Hunter Limbaugh posted a link on Facebook that initially caused me to answer facetiously, as is too often my wont. (Don’t blame me; blame the Rabbit Hole!)
The headline was, “What does Earth look like from across the Universe?” Of course, I replied, “I dunno. Like images of broken light, which dance before me like a million eyes?”
But the thing was, it was a good article, and worth reading. Based on the fact that the farther away something is in space, the farther back in time you’re looking when you see it. Because, you know, even though light is known for its celerity, it does observe a speed limit.
Of course, when Steward Brand finally got his picture of Earth from space, the time factor involved was too small to be interesting. But if somebody’s looking at us from as far away as we ourselves have recently gained the ability to look, it gets interesting.
So he calculated what would have been happening on Earth when seen from various cosmic distances. For instance, seen from Sirius, it would be February 2014 and Barack Obama would still be president. Which would be nice. Any time we could go back to before 2016 would be nice in the same way.
But my fave distance was the one that seems most relevant and likely (using “likely” loosely): from “TOI 700, the first stellar system with an Earth-sized exoplanet discovered in its habitable zone.” An excerpt:
On this world, Earth appears as it does just after the end of the year 1920. The very first radio broadcasts from our planet are just arriving in the TOI 700 system, beginning with station 8MK from Detroit, Michigan. The CO2 levels in Earth’s atmosphere have barely crested the 300 parts-per-million level, sitting at 303. The beginning of the transformation of our atmosphere from industrial activity would be detectable from this exoplanet. 85% of Earth’s surface is still wilderness; only 15% has been modified, largely for food production. Earth is definitely inhabited, and the first signatures that a technologically advanced species lives upon it are appearing. A round-trip message would take more than 2 centuries; in a single human lifetime, you’d never live to hear a response to a sent message….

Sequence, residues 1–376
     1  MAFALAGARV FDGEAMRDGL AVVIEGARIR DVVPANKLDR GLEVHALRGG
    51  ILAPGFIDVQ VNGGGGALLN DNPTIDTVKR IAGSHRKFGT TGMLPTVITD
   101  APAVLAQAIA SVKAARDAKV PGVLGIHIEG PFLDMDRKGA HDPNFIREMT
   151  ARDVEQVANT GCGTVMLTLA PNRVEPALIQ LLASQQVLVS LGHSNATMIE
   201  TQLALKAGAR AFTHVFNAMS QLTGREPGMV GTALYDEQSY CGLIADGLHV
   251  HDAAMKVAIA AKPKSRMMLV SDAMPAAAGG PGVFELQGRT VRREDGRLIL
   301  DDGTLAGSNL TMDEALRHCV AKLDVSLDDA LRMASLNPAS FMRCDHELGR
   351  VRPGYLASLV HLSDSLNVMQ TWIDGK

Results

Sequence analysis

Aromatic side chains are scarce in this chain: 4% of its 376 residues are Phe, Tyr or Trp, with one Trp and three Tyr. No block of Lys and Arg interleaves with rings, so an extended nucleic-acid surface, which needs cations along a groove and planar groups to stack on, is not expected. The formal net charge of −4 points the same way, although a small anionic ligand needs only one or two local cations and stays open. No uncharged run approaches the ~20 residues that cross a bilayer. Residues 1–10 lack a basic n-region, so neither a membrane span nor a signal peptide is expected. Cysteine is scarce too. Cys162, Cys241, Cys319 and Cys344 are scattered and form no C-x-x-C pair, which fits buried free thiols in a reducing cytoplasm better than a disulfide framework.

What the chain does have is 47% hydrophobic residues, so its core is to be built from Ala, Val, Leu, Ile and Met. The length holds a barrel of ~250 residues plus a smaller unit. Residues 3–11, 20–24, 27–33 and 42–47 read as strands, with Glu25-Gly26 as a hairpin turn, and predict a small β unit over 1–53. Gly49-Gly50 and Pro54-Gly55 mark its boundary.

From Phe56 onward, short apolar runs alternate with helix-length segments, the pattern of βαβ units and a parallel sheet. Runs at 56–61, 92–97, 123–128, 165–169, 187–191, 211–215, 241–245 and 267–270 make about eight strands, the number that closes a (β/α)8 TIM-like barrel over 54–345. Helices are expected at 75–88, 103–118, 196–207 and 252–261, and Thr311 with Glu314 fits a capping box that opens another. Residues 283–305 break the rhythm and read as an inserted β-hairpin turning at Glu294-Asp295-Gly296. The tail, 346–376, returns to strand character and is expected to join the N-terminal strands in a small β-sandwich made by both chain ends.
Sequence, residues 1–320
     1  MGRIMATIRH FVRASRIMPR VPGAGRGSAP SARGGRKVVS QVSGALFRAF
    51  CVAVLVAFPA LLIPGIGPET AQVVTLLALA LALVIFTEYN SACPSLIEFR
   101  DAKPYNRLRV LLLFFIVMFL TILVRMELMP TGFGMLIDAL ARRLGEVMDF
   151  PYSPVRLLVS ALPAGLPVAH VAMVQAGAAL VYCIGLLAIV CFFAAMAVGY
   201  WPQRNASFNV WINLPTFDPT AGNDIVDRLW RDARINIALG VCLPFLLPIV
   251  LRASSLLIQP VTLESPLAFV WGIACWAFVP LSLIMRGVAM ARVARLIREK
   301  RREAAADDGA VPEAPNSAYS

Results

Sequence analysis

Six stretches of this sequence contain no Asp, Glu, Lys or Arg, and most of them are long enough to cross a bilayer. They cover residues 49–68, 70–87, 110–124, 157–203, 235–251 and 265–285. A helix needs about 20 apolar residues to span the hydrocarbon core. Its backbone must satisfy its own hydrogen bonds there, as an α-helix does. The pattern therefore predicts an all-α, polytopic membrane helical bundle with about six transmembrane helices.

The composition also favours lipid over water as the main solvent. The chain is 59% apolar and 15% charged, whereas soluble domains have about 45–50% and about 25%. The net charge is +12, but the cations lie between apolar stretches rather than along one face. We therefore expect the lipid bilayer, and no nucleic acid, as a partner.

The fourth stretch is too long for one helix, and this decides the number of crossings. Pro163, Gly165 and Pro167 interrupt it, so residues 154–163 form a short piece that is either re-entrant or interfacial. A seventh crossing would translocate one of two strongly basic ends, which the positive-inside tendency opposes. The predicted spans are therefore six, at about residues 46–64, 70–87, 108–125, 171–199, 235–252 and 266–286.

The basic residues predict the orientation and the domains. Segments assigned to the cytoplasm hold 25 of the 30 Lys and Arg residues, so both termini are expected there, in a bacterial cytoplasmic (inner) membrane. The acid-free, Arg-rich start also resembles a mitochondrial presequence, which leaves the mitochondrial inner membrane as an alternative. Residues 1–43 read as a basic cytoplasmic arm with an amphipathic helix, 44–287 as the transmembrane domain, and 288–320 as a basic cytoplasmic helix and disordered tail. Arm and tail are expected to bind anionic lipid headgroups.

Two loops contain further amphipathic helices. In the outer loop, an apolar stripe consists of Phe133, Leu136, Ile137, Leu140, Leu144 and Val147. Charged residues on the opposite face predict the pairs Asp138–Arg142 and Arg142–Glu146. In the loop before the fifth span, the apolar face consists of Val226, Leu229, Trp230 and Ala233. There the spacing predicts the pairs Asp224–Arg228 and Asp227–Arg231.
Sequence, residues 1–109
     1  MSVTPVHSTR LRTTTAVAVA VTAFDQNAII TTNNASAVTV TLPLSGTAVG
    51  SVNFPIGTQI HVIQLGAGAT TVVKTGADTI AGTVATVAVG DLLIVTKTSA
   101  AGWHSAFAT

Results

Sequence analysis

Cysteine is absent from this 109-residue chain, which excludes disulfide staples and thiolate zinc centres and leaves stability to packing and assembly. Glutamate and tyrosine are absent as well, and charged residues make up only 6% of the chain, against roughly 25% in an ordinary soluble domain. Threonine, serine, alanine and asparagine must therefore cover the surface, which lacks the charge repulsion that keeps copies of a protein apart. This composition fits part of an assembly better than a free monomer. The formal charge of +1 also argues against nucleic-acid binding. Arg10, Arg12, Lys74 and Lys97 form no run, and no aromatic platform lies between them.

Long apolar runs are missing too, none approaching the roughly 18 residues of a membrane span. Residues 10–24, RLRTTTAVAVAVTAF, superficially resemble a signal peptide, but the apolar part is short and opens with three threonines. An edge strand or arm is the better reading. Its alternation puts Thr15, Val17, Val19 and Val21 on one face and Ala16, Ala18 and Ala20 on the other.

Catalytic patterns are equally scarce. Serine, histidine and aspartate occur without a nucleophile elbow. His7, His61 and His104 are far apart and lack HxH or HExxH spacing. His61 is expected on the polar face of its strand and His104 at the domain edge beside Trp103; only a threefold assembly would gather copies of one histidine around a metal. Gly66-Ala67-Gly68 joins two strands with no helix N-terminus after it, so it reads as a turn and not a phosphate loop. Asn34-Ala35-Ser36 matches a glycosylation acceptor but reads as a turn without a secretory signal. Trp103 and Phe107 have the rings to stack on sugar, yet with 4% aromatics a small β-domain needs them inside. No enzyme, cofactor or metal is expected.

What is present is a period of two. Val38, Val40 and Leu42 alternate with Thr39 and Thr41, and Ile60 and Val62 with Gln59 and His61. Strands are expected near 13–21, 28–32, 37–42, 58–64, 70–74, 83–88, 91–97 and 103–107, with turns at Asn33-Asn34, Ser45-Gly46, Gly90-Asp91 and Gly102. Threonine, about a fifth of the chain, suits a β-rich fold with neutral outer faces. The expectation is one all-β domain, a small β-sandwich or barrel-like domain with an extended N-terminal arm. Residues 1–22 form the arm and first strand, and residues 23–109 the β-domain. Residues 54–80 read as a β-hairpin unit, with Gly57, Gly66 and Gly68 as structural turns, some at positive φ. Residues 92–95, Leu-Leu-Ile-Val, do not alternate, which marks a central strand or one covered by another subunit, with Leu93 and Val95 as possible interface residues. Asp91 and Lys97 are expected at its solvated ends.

After that, the distances get so great that you’re talking times when Neanderthals walked the Earth, or before any of the Homo species did, or even before there was an Earth to walk on. All of which are a little harder to identify with. I mean, I may be getting old, but I don’t know anybody who was around then.
No, I don’t have any big point to make, beyond the one I made casually in the headline. I just thought it an interesting intellectual exercise, and thought you might, too…
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